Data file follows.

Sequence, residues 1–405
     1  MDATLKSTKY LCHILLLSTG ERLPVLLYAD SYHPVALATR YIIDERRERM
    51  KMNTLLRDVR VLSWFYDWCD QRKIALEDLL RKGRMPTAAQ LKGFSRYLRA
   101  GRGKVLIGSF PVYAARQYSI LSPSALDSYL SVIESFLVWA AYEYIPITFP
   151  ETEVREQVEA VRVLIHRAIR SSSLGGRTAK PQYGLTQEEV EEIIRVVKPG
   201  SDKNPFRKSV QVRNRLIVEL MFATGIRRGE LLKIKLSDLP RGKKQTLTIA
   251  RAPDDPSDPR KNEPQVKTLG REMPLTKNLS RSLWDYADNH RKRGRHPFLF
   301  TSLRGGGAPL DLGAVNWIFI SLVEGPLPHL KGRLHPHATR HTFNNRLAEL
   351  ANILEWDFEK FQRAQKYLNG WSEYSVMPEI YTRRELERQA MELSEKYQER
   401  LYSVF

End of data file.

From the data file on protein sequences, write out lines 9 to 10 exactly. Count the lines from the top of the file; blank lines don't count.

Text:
   351  ANILEWDFEK FQRAQKYLNG WSEYSVMPEI YTRRELERQA MELSEKYQER
   401  LYSVF